Effect of nifedipine and atosiban on perinatal brain injury: secondary analysis of the APOSTEL-III trial

T. A.J. Nijman, M. M. Goedhart, C. N. Naaktgeboren, T. R. de Haan, D. C. Vijlbrief, B. W. Mol, M. J.N. Benders, A. Franx, M. A. Oudijk*

*Corresponding author for this work

Research output: Contribution to journalArticleAcademicpeer-review


Objective: Brain injury in neonates born prematurely is associated strongly with poor neurodevelopmental outcome. The aim of this study was to evaluate whether tocolysis with nifedipine or atosiban in women with threatened preterm birth can reduce the incidence of overall brain injury in neonates born prematurely. Methods: This was a secondary analysis of the APOSTEL-III trial (Dutch Clinical Trial Registry, no. NTR2947), a randomized clinical trial in which women with threatened preterm labor between 25 and 34 weeks of gestation were allocated to treatment with nifedipine or atosiban. In this secondary analysis, women delivered at ≤ 32 weeks of gestational age in the two main contributing centers were included. Primary outcome was the presence of neonatal brain injury, which was defined as presence of abnormalities on ultrasound investigation and classified into mild and severe. To evaluate type and severity of brain injury, all neonatal ultrasounds performed during neonatal intensive and medium care admission were analyzed. To test the robustness of our results, a sensitivity analysis was performed assessing differences in baseline or known risk factors for brain injury. Results: A total of 117 neonates (from 102 women) were studied, of which 51 had been exposed to nifedipine and 66 to atosiban. Brain injury was observed in 22 (43.1%) neonates in the nifedipine group compared with 37 (56.1%) in the atosiban group (OR, 0.60; 95% CI, 0.29–1.24). Presence of mild brain injury was comparable between the nifedipine (33.3%) and atosiban (48.5%) groups (OR, 0.53; 95% CI, 0.25–1.13). Severe brain injury was also comparable between the groups, observed in 9.8% of neonates in the nifedipine vs 7.6% of those in the atosiban group (OR, 1.33; 95% CI, 0.36–4.85). Intraventricular hemorrhage (≥ Grade I) was the most frequently seen ultrasound abnormality, observed in 18 (35.3%) neonates in the nifedipine group vs 25 (37.9%) in the atosiban group (OR, 0.90; 95% CI, 0.42–1.91). The sensitivity analysis, with adjustment for maternal age and gestational age at randomization, showed no statistical difference between the groups for presence of brain injury (OR, 0.58; 95% CI, 0.27–1.27). Conclusion: In children born before 32 weeks of gestation after the use of tocolytics, the prevalence of brain injury was high. No significant differences were found with respect to overall brain injury between neonates exposed to nifedipine and those exposed to atosiban. However, as this study was a secondary analysis of the APOSTEL III trial, it was underpowered for brain injury.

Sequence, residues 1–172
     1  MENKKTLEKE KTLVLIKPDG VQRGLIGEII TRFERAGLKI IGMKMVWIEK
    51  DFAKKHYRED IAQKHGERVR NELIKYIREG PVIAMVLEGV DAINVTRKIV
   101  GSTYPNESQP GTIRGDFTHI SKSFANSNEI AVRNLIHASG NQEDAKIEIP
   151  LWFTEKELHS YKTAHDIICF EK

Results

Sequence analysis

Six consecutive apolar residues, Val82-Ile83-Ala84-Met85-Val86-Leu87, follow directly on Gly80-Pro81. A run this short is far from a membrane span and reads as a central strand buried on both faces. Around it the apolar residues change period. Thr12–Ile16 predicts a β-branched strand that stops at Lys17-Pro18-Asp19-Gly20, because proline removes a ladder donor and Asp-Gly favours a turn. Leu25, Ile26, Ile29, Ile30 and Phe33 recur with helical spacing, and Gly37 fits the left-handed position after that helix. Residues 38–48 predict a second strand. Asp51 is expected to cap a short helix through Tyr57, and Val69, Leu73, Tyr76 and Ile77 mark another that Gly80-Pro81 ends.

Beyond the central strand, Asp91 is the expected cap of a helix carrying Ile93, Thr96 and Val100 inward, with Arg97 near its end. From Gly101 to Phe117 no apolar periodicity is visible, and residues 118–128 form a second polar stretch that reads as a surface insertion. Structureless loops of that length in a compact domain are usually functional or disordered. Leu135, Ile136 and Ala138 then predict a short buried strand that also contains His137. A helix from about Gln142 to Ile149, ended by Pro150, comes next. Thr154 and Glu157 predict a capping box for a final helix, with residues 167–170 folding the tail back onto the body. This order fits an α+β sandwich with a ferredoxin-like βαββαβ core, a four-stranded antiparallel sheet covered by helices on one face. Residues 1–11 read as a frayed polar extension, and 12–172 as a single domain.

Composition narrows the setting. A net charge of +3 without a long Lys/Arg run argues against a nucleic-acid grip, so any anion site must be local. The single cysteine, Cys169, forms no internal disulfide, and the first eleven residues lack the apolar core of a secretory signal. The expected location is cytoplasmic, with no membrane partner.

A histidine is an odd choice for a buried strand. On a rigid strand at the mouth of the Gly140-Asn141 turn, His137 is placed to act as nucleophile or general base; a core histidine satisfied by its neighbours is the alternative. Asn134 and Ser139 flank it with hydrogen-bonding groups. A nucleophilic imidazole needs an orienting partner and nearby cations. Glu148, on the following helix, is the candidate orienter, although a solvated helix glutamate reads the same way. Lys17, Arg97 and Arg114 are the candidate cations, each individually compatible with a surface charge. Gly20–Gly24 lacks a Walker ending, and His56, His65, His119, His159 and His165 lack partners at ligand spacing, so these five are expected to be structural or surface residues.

Original languageEnglish
Pages (from-to)806-812
Number of pages7
JournalUltrasound in Obstetrics and Gynecology
Issue number6
Publication statusPublished - 1 Jun 2018


  • Administration, Intravenous
  • Adult
  • Brain Injuries/congenital
  • Female
  • Gestational Age
  • Humans
  • Infant, Newborn
  • Male
  • Nifedipine/administration & dosage
  • Pregnancy
  • Pregnancy Outcome
  • Premature Birth/prevention & control
  • Tocolytic Agents/administration & dosage
  • Treatment Outcome
  • Vasotocin/administration & dosage


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